November 12, 2011
Where does the word “flicker” come from? The verb has Old English roots, etymology.com tells us, and is onomatopoeic. The name of the bird derives from that. And “flick,” as slang for a movie, is a 20th century derivative.
- flicker (v.)
- O.E. flicorian “to flutter, flap quickly and lightly,” originally of birds. Onomatopoeic and suggestive of quick motion. Sense of “shine with a wavering light” is c.1600, but not common till 19c. Related: Flickered; flickering. The noun is from 1849 as “wavering, unsteady light or flame,” 1857 as “a flickering.”
- flicker (n.)
- “woodpecker,” 1808 Amer.Eng., possibly echoic of bird’s note, or from white spots on plumage that seem to flicker as it flits from tree to tree.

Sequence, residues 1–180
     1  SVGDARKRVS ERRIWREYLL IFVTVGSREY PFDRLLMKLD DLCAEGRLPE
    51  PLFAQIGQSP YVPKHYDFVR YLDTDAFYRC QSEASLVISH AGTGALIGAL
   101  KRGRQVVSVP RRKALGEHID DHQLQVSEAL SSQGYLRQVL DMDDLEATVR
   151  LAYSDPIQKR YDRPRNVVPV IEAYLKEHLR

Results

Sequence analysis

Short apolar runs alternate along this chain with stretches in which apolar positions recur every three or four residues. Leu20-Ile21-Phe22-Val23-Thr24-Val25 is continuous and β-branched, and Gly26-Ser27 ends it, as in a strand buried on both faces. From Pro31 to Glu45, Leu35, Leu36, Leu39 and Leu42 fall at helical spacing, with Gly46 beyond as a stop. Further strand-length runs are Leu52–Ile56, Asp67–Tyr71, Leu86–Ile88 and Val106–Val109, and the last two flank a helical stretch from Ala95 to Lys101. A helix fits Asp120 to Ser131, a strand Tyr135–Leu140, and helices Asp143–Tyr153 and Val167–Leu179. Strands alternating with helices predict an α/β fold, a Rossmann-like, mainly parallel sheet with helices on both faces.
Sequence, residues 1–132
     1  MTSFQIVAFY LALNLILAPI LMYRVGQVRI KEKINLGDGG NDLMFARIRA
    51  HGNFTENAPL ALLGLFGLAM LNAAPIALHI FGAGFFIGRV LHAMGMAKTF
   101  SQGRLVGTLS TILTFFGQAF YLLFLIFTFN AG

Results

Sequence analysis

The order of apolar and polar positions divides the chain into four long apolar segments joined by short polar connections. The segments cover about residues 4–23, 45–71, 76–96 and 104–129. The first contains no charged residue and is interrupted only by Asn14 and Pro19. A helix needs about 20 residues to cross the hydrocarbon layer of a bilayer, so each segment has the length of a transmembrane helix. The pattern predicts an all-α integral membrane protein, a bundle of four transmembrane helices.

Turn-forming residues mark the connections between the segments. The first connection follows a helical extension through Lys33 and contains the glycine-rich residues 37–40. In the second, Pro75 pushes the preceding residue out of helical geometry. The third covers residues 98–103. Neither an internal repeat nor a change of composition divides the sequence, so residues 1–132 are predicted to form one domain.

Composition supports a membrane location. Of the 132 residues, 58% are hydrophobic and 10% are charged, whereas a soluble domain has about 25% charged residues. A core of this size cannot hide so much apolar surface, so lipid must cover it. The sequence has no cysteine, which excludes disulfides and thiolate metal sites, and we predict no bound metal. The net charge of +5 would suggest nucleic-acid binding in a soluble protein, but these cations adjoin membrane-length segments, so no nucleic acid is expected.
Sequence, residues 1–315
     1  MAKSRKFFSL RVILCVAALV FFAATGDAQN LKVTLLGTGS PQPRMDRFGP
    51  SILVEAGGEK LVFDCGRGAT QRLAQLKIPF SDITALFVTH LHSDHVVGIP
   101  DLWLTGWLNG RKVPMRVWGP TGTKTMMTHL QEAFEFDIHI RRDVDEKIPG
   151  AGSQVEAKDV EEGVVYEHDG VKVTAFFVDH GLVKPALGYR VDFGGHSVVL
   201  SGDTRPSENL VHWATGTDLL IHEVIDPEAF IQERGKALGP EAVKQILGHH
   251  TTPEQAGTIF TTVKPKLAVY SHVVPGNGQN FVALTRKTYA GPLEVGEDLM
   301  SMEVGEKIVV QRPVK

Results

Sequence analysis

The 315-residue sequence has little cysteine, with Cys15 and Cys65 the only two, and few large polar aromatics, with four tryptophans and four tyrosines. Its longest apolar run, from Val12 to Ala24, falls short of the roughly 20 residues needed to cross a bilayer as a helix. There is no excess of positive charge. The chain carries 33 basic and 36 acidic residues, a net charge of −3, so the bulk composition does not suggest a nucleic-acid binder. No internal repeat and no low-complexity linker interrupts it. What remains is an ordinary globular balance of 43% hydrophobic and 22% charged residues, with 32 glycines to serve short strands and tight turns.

- flick (n.)
- mid-15c., probably imitative of a light blow with a whip. Earliest recorded use is in phrase not worth a flykke “useless.” As slang for “film,” it is first attested 1926, a back formation from flicker, from their flickering appearance. The verb is first recorded 1816; meaning “quick turn of the wrist” is from 1897, originally in cricket. Related: Flicked; flicking.
All these questions were put in mind this morning hearing Denise Levertov’s “Flickering Mind” read in church:
Lord, not you,
it is I who am absent.
belief was a joy I kept in secret,
into sacred places:
a quick glance, and away — and back,
I have long since uttered your name
I elude your presence.
to think about you, and my mind
like a minnow darts away,
into the shadows, into gleams that fret
the river’s purling and passing.
Not for one second
will my self hold still, but wanders
everywhere it can turn. Not you,
it is I am absent.
You are the stream, the fish, the light,
the pulsing shadow,
you the unchanging presence, in whom all
moves and changes.
How can I focus my flickering, perceive
at the fountain’s heart
the sapphire I know is there?